During the winter of 2012/13 the car has been taken off the road for its annual maintenance schedule. This has enabled certain other suspect items to be examined in detail, and repaired/replaced as necessary.
Front suspension strip down at end of December revealed wear on king pins, spring shackle bolts and spring eyes. These parts now remade and fitted. Wear eliminated.
Whilst removing the beam axle we came across decayed timber and a crack in front cross chassis member which is now replaced with new ash replica made by Andrew Curtis. Matured seasoned ash heartwood that is machined to fit. This has stiffened the whole front end and created a much more solid motor car. Worn coach bolts replaced with new.
Front spring shackles and shackle pins: the spring shackles were bolted directly through the spring eyes with no bushes and those eyes were worn hopelessly out of round. Geoff Luck of Beeston has machined them to true (tempered spring steel!) and hand made replacement oversize shackle pins (six). Absolutely superb work which has returned the spring position and settings to 'as new'. No side movement and very firm. This has added to the rigidity brought about by the replacement cross member.
Steering parts, king pins, bushes and lower ball races: remade to original dimensions by Group Precision Engineering of North Walsham. The lower ball races made in special D2 steel and sent away to be case hardened in the Midlands. Again, superb work that is restoring the steering to 'as new'. Ken Hilton and Pete Wilgoss have stripped and rebuilt the quadrant steering box and eliminated the play that was evident. Again very good work and all this restoration will add to the precision of the steering.
The team have so far spent a total of just under 180 hours on this overhaul which is not bad considering the demands of the work and very slow pace because of the need to feel our way with each job and the great care needed for each operation.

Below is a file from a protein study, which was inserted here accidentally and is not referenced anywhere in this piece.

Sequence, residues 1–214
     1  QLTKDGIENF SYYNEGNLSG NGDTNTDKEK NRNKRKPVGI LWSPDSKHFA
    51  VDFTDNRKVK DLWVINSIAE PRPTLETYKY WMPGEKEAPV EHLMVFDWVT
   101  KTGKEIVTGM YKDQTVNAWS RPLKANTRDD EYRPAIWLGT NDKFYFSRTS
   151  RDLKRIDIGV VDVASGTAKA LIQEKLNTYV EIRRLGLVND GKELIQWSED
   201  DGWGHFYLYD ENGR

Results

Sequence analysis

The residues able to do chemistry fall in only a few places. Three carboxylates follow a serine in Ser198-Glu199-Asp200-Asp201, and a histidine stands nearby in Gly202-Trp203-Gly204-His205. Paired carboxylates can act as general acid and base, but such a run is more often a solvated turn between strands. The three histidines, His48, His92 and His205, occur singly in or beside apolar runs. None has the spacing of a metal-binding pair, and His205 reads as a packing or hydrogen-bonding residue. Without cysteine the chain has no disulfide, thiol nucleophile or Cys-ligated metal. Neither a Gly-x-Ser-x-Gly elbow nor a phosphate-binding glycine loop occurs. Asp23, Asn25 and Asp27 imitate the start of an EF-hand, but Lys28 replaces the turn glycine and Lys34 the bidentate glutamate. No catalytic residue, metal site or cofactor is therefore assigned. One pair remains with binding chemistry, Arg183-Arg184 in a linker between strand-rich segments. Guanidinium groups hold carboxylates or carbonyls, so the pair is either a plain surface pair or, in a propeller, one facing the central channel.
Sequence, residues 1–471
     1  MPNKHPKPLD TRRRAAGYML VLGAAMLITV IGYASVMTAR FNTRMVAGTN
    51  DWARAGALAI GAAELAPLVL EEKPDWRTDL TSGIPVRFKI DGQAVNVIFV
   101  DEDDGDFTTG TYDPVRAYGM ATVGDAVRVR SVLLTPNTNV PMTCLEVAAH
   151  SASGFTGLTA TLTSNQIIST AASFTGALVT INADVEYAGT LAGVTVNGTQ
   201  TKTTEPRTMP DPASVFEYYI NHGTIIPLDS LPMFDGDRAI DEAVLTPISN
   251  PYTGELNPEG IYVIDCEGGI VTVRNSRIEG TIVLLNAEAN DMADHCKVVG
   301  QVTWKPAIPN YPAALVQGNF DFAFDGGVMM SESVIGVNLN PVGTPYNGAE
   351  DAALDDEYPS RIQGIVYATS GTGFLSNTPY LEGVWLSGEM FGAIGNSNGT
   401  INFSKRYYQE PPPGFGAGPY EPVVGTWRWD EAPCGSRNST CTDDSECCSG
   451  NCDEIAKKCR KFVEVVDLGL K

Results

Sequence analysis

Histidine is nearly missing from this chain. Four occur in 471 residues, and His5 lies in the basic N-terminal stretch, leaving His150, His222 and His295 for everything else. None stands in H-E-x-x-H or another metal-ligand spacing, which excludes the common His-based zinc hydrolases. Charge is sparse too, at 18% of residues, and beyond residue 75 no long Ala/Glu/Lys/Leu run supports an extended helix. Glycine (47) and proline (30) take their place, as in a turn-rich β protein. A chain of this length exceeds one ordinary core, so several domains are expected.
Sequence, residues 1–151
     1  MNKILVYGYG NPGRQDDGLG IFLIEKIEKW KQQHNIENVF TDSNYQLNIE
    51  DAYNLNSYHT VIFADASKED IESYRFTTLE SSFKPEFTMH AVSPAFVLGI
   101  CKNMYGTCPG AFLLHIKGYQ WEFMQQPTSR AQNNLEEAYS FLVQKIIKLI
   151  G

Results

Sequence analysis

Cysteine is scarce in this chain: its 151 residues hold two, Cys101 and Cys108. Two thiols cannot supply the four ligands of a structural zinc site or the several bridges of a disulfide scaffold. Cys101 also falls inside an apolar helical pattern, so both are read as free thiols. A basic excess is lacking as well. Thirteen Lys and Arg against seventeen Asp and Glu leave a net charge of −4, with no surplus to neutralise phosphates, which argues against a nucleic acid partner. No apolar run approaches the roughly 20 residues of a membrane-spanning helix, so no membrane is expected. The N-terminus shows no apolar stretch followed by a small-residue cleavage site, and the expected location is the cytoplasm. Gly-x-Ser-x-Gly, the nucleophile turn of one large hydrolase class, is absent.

The museum, through Vanessa, Ruth and Robin have come up trumps with the finance. To date the costs of making replacement parts have reached just over £800 and we received the invoices yesterday and Martin Lawrence had processed them and arranged payment by 3.00 p.m. This brilliant support adds to the team confidence and makes us realise just how supportive the administration is. Best of all it makes us feel appreciated as part of the larger museum team.
Overhaul notes March 31st March 2013.
Because of a blockage behind the impellor it was necessary to strip the water pump and remove the shaft. Heavy wear was found at the drive end where it passed through the plain DU bearing. The shaft was not stainless but EN24 and the DU bearing bush of steel backed bronze.
A new shaft was made of 10mm BN3 which was case hardened where it runs through the impellor bearing to prevent wear at that end. The pump body was bored out to 19mm at the drive end and the plain DU bearing replaced with two sealed ball races of 10mm internal dia. and 19mm external X 5mm width.
Whole reassembled with the shaft dabbed onto the bearing centres with Loctite.
The radiator and all front panelling has been removed, as the body mounts need to be refurbished.
This has given us the opportunity to display the engine in more detail.
Right hand side of engine, showing the spark plugs. Front quarter view. Front view, showing distributor and also front suspension mounting locations. Interior view, showing flywheel (left) and top of gearbox. Front engine cylinder, with manufacturer's plate. Body to Suspension mounting.
Note the ovality of the mounting hole in the top bracket, caused by wear over the years.
Chief Engineer Ken Hilton hard at work. The car supported on axles stands, whilst the front suspension components are removed for renovation and replacement. Working on the front suspension. With the car up on axle stands and the wheels, suspension and front panels removed, the detail of the front end and out new radiator can be examined. Newly-manufactured lower ball races.
Phil Waltham, Team Panhard, February 2013.